Wrocław. Strategiczne założenia programu kulturalnego polskiej prezydencji w drugiej połowie 2011 roku, Warsaw 2009, p. 2. 2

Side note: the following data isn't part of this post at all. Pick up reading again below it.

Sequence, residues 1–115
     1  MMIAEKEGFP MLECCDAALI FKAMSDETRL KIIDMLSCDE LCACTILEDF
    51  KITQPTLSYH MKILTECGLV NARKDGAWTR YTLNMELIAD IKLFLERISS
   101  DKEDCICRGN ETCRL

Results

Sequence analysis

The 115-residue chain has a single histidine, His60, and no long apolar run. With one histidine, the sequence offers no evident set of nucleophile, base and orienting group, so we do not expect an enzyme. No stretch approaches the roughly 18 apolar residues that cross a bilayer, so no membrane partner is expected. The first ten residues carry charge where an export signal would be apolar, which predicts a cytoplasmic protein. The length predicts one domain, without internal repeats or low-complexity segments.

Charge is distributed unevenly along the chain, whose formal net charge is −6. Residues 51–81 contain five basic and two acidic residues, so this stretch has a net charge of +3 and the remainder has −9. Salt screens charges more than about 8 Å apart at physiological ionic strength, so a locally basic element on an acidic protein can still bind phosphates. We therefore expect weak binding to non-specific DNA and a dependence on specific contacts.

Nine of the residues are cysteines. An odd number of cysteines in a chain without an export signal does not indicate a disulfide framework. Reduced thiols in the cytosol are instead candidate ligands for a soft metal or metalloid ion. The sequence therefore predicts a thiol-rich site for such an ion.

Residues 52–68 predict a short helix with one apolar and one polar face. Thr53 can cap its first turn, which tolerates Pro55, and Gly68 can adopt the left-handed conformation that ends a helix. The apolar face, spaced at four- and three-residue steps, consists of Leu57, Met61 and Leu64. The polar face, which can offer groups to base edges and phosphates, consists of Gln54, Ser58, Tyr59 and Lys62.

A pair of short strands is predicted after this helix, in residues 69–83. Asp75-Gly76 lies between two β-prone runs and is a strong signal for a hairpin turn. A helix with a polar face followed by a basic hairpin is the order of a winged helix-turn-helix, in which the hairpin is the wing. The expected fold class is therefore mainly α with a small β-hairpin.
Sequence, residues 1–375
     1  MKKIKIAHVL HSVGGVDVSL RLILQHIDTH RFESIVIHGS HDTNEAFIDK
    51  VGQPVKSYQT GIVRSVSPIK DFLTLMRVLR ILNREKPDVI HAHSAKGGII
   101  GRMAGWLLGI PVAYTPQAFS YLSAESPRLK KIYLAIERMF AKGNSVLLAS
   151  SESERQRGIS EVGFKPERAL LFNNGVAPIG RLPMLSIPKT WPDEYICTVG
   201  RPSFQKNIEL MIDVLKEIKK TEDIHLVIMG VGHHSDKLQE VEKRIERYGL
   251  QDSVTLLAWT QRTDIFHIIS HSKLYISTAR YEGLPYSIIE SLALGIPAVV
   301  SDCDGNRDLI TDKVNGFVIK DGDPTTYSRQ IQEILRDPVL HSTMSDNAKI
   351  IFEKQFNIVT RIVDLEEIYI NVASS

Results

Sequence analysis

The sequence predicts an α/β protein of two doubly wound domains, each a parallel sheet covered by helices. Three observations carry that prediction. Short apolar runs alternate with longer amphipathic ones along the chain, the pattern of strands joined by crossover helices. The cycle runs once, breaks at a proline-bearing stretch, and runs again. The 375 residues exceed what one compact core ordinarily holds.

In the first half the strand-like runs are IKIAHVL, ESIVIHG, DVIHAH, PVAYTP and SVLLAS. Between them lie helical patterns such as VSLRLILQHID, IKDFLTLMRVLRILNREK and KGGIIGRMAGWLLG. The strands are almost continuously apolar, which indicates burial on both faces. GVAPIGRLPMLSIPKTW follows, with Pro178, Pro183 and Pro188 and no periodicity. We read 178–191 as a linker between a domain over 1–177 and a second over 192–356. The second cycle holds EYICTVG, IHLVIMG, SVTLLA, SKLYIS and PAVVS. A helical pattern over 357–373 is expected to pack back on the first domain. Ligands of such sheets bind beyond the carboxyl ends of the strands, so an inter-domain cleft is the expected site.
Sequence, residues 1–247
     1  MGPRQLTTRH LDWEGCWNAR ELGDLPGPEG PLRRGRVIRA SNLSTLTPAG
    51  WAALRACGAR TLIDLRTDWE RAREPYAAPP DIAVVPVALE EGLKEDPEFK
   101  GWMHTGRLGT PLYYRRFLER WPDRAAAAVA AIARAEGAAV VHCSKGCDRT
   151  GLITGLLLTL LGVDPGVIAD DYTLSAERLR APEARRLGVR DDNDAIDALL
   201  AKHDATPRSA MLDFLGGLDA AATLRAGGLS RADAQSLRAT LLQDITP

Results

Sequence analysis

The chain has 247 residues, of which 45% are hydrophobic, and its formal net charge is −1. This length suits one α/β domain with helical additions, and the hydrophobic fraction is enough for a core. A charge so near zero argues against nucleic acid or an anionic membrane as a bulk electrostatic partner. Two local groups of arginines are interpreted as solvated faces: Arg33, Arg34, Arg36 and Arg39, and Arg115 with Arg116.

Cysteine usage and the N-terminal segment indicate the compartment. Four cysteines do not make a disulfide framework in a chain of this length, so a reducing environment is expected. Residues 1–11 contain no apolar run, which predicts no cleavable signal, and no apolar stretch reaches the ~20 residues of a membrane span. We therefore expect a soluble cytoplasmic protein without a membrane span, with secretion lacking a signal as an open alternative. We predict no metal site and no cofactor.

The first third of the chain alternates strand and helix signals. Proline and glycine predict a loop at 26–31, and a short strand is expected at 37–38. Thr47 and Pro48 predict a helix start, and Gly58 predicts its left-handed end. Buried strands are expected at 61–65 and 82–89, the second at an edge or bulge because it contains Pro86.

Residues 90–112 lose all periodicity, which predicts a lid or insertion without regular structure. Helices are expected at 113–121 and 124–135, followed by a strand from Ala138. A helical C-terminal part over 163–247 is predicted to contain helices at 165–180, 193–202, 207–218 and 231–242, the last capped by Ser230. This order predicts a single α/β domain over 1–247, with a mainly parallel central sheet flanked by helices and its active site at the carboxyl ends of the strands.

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2 PRZEGLĄD ZACHODNI I, 2013 Anna Umińska-Woroniecka Wrocław Cultural Programme of the Polish Presidency: STRATEGY AND REALITY The cultural programme constitutes an integral part of each and every Presidency of the Council of the European Union. Drawing on experiences of other Member States, it follows that the cultural programme presented by the presiding state is often perceived as the flagship of the state, and is often considered to be a means of promoting the country both in the European Union and in the world. 1 Moreover, it plays a crucial role in shaping the image of the presiding state. 2 The Cultural Programme of the Polish Presidency was to a large extent a promotional and image-enhancing tool integrated with Poland s public and cultural diplomacy. 3 Using the Presidency to carry out an image-enhancing campaign was strongly underlined during the preparations for the Polish Presidency of the Council of the European Union. At a meeting of the Sejm [Parliamentary] Committee, Government Plenipotentiary for the Polish Presidency in the EU, Secretary of State at the Ministry of Foreign Affairs Mikołaj Dowgielewicz emphasised that: the Polish Presidency is the greatest campaign promoting Poland since Events presenting Polish culture, politics and objectives of Polish foreign policy were organised by 159 Polish diplomatic and consular outposts worldwide, including 21 Polish Institutes. 4 The Ministry of Foreign Affairs was very active and other Polish ministries also underlined that the Presidency was first of all a political project, an unprecedented opportunity to promote Poland and Polish culture beyond its borders. For this reason the Cultural Programme was judged very important. The approach was that it is not some additional element of preparations and then of the Polish Presidency of 1 Strategiczne założenia programu kulturalnego polskiej prezydencji w drugiej połowie 2011 roku, Warsaw 2009, p M. Zuber (2010), Rola Prezydencji Rady Unii Europejskiej, Warsaw, p. 41; K. A. Wojtaszczyk, Prezydencja w Radzie Unii Europejskiej z perspektywy Traktatu Lizbońskiego, in: K. A. Wojtaszczyk (ed.) (2010), Prezydencja w Radzie Unii Europejskiej, Warsaw, p B. Ociepka, Akcja czy reakcja? Dyplomacja publiczna i kulturalna w Europie, Res Publica Nowa , content=589&id keyword=120. Accessed Joint meeting of the Commission for the European Union and the Commission for Culture and Media held on 31 March 2011 information on the Cultural Programme of the Polish Presidency, its promotion in Poland and abroad, and visual identification.